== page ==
Peter Senge is the kind of guy that you would expect to speak a slightly different language than the rest of us. Dr. Senge is the “Director of the Center for Organizational Learning at the MIT Sloan School of Management.” But behind that lofty title is a self described “idealistic pragmatist” with a pretty simple formula for living and acting more sustainably. It only requires asking two questions as a consumer:
Whether diamonds, bananas, plastic grocery bags, or gasoline, routinely asking these two questions would lead to much more thoughtful and planet friendly consumption. Not asking these questions, of course, leads to the opposite – conflict, human rights abuse, oceans full of plastic, tar balls on our shores, and a changing climate. These days, responsible companies often ask at least one of these two questions, if for no other reason then for risk management purposes.
When consumers ask these questions, however, it can force the companies they do business with to take a much harder look at both sourcing and product design. You can make a difference simply by asking them everyday, and acting accordingly.
But you might be surprised at how often you won’t know the answer. Those blue jeans you’re wearing, the phone in your pocket, the carpet under your feet, the shampoo you used this morning, the candy bar calling out to you from the snack machine…do you really know where they come from and how they are made? Is consuming the product responsible? Can you responsibly dispose of the packaging (or the product itself) when you are through with it? Unfortunately, while the questions are simple, the answers are often much more complicated.
Dr. Senge is working with Starbucks, which uses several billion paper cups a year, on how to improve the sustainability of this artificial mountain of beverage containers, so I had a chance to hear him speak at the recent Sustainable Brands Conference in Monterey. A small but vocal set of Starbucks watchers and consumers have been asking these two questions about Starbucks – and particularly about their cups – for some time. Dr. Senge pointed out that even something as simple as a planet friendly paper coffee cup requires thinking about the entire system, involving multiple stakeholders.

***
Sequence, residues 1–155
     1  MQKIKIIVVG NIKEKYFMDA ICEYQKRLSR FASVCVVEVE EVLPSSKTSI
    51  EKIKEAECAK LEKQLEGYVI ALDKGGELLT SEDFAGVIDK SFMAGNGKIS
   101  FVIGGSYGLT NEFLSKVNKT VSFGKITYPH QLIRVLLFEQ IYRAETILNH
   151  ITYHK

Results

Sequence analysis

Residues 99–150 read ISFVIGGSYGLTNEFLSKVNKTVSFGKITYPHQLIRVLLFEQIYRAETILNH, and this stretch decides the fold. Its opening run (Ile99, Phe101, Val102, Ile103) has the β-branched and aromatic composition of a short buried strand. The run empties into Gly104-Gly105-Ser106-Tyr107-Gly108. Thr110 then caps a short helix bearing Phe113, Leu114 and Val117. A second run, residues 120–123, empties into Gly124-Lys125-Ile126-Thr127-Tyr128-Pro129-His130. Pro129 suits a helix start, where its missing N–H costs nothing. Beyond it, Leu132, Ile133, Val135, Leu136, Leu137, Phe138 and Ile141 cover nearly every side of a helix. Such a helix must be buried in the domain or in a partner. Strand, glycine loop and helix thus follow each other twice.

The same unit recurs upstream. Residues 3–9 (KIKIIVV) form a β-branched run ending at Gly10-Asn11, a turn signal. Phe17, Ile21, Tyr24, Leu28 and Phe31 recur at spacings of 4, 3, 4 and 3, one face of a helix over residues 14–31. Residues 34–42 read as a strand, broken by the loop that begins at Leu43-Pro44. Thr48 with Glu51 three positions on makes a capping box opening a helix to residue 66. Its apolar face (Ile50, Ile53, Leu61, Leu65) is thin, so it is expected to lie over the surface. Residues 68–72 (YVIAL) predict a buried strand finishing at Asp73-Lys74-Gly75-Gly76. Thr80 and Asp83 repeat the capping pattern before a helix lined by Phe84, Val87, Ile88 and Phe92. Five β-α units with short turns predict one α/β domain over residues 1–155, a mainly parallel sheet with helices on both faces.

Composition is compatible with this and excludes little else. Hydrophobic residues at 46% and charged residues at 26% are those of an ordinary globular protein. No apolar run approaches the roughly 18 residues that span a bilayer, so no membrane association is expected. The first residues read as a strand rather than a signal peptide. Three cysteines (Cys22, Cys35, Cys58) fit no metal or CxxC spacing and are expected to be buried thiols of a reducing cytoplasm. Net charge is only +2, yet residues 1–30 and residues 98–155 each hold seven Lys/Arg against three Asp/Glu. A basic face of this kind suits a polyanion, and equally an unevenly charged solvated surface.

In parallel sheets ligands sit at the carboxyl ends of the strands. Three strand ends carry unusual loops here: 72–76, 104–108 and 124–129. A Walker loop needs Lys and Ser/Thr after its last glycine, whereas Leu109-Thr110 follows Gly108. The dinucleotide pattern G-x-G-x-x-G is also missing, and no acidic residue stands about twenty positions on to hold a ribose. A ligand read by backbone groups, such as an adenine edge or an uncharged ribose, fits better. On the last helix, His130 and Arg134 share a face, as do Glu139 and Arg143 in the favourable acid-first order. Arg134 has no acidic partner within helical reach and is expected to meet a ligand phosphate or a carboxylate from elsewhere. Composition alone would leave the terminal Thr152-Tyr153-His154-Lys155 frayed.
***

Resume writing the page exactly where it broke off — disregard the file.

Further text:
Both Dr. Senge and his Starbucks counter parts explained that simply using recycled content does not necessarily mean that a product will be recycled, and compostable material does not help if the municipal waste stream is not set up for composting. Thinking holistically about how to change the system is a lot more work, especially if your corporate footprint is as large as Starbucks. They have even held summits to work towards a solution.
I’ve worked with Starbucks (on farmer and sustainability issues), and have found them to be fairly progressive, responsible, and sincere about there sustainability commitment. But not everyone shares this view. One rather assertive session attendee in Monterey challenged Starbucks on why they don’t simply encourage customers to use mugs. She seemed surprised with the response that they have done so for some time, and in fact give a 10 cent discount to mug users. With only 1% taking advantage of this program, I guess the next question is whether consumers are not asking where those cups go now, don’t care, or just think that it’s Starbucks’ problem to fix.
A recent study conducted by the Natural Marketing Institute found that while two-thirds of consumers are concerned about the environment, their purchasing decisions are motivated primarily by price, not eco-benefits. So the research hints that maybe it’s not a gap in asking the questions, but in what we do with the answers. And Starbucks’ results with refillable mugs indicates that some behavioral change won’t come cheap. As an occasional paper cup reprobate, I am inclined to agree. The implications for climate change action and other sustainability issues are a bit dire.
Note: Also checkout Suzi Parrasch’s recent post on the betacup challenge, a competition to help come up with creative answers to the cup issue.
And follow ClimatePath on facebook. Because every footprint counts.
Photo copyright: CC License - Flickr User cyanocorax.
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